It’s Friday evening at the end of a 100 degree day and I am walking into a stifling room-full of un-deodorized men and boys glued to one of the few TV screens in the region. As the only female present, and a white person on top of that, they find me a chair right in the middle so that I can have a good view of the TV, but unfortunately also get the full effect if the temperature and etc. Yes I’m hot, there is sweat running down my belly and back. We are watching the Ghana U20 (under 20 yrs old) football/soccer team vying for the world title in the final game against Brazil.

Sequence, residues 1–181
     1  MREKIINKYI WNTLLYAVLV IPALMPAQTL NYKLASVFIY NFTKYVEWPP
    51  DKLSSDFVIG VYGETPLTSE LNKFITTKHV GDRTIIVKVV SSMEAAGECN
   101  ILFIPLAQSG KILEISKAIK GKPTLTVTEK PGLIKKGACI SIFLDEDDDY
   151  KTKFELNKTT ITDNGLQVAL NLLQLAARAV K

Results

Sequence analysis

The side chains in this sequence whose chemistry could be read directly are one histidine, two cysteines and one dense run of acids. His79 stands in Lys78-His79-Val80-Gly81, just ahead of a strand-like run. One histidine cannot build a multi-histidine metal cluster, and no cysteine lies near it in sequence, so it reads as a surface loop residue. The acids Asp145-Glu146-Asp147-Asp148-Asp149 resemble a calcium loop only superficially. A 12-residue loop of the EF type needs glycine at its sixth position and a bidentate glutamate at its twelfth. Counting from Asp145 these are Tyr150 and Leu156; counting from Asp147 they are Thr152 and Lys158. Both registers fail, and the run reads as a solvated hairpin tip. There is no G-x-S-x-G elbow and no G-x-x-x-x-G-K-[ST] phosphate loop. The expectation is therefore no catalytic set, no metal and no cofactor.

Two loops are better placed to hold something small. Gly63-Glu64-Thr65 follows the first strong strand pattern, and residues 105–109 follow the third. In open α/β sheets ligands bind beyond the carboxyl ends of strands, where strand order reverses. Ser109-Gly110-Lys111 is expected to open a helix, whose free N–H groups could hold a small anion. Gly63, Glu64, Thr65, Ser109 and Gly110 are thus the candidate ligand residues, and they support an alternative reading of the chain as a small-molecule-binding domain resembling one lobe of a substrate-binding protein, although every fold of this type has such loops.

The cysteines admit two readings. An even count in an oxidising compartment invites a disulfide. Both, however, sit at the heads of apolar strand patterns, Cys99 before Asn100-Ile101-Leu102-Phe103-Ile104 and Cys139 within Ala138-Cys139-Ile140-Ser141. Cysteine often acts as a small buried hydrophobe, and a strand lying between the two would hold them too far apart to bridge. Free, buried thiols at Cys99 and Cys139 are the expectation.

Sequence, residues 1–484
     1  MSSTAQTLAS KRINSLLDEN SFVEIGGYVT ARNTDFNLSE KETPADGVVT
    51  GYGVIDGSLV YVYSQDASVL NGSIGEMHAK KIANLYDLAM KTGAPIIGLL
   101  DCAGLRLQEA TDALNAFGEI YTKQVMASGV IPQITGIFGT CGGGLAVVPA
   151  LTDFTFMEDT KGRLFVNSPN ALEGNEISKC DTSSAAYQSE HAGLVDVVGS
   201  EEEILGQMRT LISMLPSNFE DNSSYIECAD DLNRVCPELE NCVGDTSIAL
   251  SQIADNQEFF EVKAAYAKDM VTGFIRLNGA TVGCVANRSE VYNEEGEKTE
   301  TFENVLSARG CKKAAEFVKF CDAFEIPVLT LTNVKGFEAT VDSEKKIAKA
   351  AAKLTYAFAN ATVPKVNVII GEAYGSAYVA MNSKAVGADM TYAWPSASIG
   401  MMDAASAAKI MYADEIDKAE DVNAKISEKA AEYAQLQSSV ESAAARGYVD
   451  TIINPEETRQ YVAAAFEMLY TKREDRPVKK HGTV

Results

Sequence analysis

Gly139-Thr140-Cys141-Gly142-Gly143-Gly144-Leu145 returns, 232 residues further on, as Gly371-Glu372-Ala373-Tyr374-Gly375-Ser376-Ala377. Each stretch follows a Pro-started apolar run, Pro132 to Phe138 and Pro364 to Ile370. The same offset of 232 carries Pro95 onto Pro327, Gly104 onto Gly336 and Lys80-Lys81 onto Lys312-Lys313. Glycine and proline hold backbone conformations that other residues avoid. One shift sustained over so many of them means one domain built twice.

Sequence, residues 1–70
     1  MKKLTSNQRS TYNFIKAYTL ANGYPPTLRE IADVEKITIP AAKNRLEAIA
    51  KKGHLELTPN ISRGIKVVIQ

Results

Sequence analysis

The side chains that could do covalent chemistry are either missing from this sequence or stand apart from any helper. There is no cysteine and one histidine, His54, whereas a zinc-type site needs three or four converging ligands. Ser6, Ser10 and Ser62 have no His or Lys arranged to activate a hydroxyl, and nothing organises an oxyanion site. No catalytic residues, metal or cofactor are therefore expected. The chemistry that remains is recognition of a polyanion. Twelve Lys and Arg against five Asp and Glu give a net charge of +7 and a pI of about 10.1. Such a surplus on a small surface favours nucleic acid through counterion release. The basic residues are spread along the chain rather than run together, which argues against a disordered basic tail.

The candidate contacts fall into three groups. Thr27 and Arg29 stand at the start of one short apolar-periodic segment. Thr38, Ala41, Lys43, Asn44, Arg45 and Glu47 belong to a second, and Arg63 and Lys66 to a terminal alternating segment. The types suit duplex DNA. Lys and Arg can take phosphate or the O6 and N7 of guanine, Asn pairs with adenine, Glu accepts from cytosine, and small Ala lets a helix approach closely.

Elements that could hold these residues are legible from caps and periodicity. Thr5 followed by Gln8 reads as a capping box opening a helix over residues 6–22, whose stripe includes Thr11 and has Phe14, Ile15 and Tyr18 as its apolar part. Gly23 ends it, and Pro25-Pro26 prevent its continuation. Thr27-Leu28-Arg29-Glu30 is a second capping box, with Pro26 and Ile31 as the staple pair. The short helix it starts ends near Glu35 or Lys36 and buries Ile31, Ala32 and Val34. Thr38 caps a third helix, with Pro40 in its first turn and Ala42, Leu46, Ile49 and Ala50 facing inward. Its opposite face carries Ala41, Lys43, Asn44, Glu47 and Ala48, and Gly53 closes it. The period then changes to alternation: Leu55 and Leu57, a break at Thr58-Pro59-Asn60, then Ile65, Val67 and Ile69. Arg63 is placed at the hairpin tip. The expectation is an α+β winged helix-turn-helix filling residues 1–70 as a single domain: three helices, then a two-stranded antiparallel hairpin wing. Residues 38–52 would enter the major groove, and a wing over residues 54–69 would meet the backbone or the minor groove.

Most of Ghana’s 25 million citizens have cheered every Ghanaian goal on the way to the finals, a roar we can easily hear from our room on the hill near central Kongo. In our sleeping quarters at half time, we are certain that Ghana has not scored due to the dead quiet throughout the village during the prior hour. We now head toward the nearest TV (which happens to be at the clinic where I volunteer) for the the last 30 minutes of the 2nd half. We know it will be hot, stuffy, crowded, and pungent, but are confident we can endure for 30 minutes. But guess what, after 30 minutes the score is 0-0 at the end of regulation play. After an extra 30 minutes of playing to break the tie, the score remains at 0-0. Now for the shootout – did I mention that I have been sitting in a barely ventilated room in the middle of fifty enthusiastic, sweaty football fans for over an hour now? At this exciting, and sweltering, moment, with everyone sitting on the edge of their bench in anticipation, the TV reception goes all to heck. Amidst static and moving shades of gray, we discern that Ghana is the first to miss a kick. The angst of it all! But alas, somehow Brazil also misses a kick, and though we can barely hear or see a thing on the T.V., in the end it seems GHANA WINS. The jubilation starts, I notice that David and I are not the only ones in a hurry to head for the door to gulp some fresh air. And then its home to a blissfully cold shower and a restful, if rather warm, night under our mosquito net and ceiling fan.